EPA Slams USPS Plan for Mostly Gas-Powered Mail Trucks
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The U.S. Postal Service has finalized a contract to replace its mail truck fleet with almost all gasoline-powered models, drawing an angry response from Biden administration officials who unsuccessfully pushed the agency to buy electric vehicles instead.
The record of decision signed Feb. 23 represents the culmination of a failed lobbying effort by the Environmental Protection Agency and top Biden administration officials to persuade the Postal Service to shift course. The independent agency can now move forward with its $6 billion plan to begin purchasing as many as 165,000 mail trucks over the next 10 years from Wisconsin military truck maker Oshkosh Corp. As many as 90% of those will run on gasoline instead of more climate-friendly batteries, according to the plan.
DECISION QUESTIONED: Oshkosh to build in South Carolina, not Wisconsin
EPA Associate Administrator Vicki Arroyo decried the move as a “crucial lost opportunity to be a leader in reducing the carbon footprint of one of the largest government fleets in the world.”
“Purchasing tens of thousands of gasoline-fueled delivery trucks locks USPS into further oil dependence, air pollution and climate impacts for decades to come,” Arroyo said in an emailed statement.
The Postal Service previously rejected a bid from fledgling electric vehicle specialist Workhorse Group Inc.
Postmaster General Louis DeJoy defended the decision, stressing that the fleet replacement is urgent while reiterating the Postal Service will buy additional battery-electric vehicles as more funding becomes available.
“Our commitment to an electric fleet remains ambitious given the pressing vehicle and safety needs of our aging fleet as well as our fragile financial condition,” DeJoy said in a news release. “The process needs to keep moving forward. The men and women of the U.S. Postal Service have waited long enough for safer, cleaner vehicles.”
The authorization is unlikely to be the last word on the matter.
Environmental groups are preparing to swiftly challenge the move in federal court, arguing the Postal Service is illegally justifying its decision with a fundamentally flawed analysis of the purchase plan that underestimates greenhouse gas emissions, relies on faulty economic assumptions and fails to consider alternatives.
“The United States Postal Service’s ill-informed and costly decision will lock Americans into an overwhelmingly gas-powered mail delivery system for generations to come,” the Zero Emission Transportation Association, which represents electric vehicle makers such as Rivian Automotive Inc. and electric utilities such as NRG Energy Inc., said in a statement. “This decision directly subverts federal regulations and our international commitments — and President Biden’s executive order to electrify the federal fleet.”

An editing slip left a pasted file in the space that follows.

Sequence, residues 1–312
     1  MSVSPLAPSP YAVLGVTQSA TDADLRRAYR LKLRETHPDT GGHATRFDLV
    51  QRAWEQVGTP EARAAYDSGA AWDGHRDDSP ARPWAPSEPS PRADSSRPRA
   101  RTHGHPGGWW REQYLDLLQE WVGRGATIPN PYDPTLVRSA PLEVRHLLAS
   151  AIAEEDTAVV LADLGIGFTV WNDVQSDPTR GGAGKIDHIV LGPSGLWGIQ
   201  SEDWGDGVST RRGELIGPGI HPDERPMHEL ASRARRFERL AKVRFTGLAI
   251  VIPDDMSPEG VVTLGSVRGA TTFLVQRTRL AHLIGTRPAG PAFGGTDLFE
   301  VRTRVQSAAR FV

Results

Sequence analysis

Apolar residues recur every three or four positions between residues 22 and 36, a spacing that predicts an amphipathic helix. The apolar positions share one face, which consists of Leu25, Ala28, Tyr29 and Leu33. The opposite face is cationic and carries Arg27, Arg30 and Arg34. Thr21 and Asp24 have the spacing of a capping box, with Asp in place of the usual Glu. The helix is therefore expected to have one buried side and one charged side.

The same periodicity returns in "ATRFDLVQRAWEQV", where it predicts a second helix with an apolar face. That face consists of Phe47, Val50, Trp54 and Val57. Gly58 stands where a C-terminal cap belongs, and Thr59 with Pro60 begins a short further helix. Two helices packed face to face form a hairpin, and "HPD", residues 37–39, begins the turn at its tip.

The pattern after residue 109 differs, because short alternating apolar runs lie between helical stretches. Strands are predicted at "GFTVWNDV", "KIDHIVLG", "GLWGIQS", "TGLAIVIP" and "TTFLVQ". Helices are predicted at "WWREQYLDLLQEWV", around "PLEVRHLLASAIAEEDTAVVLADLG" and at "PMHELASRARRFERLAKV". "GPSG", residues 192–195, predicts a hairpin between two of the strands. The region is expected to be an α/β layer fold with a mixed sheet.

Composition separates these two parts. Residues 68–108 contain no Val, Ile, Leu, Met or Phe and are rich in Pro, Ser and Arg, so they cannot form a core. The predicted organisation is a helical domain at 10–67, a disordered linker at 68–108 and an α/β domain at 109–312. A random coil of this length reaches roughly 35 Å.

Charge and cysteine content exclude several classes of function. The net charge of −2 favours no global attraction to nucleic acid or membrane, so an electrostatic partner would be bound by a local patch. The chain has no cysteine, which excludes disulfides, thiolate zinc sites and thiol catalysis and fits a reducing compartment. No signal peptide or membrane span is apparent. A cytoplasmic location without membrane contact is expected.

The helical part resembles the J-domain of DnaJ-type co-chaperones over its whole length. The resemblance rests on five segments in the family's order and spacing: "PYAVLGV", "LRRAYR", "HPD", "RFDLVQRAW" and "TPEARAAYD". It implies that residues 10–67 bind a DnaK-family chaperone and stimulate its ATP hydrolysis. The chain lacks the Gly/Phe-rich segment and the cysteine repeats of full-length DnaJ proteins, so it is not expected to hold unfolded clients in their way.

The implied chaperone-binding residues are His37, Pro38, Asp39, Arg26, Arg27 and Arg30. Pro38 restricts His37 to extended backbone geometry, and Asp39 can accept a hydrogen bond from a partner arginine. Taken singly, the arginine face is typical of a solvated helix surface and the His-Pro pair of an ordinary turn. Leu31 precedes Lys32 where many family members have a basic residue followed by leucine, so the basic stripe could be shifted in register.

The Postal Service’s decision is a blow to President Joe Biden’s bid to shift the U.S. government away from gasoline-powered models toward plug-in hybrids and battery-electric vehicles that now make up less than 1% of the federal fleet. The Postal Service’s contract means up to 23% of the federal government’s fleet is beyond his reach, BloombergNEF said Feb. 23.
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Although the Biden administration has limited authority over the Postal Service because it is an independent agency, federal courts have found the USPS is still bound by the National Environmental Policy Act that requires analysis of major policy decisions. And federal courts have previously invalidated government leases sold to private companies after finding that analysis lacking.
The USPS “is playing a very high-stakes game” by “going against what the law requires,” Adrian Martinez, an attorney with the environmental group Earthjustice, said prior to the announcement.
The Postal Service said its approach was best because it will ensure the agency has a “purpose-built right-hand drive vehicle capable of meeting performance, safety and ergonomic requirements for efficient carrier deliveries to businesses and curb-line residential mailboxes over the entire nationwide system.”
— With assistance from Susan Decker.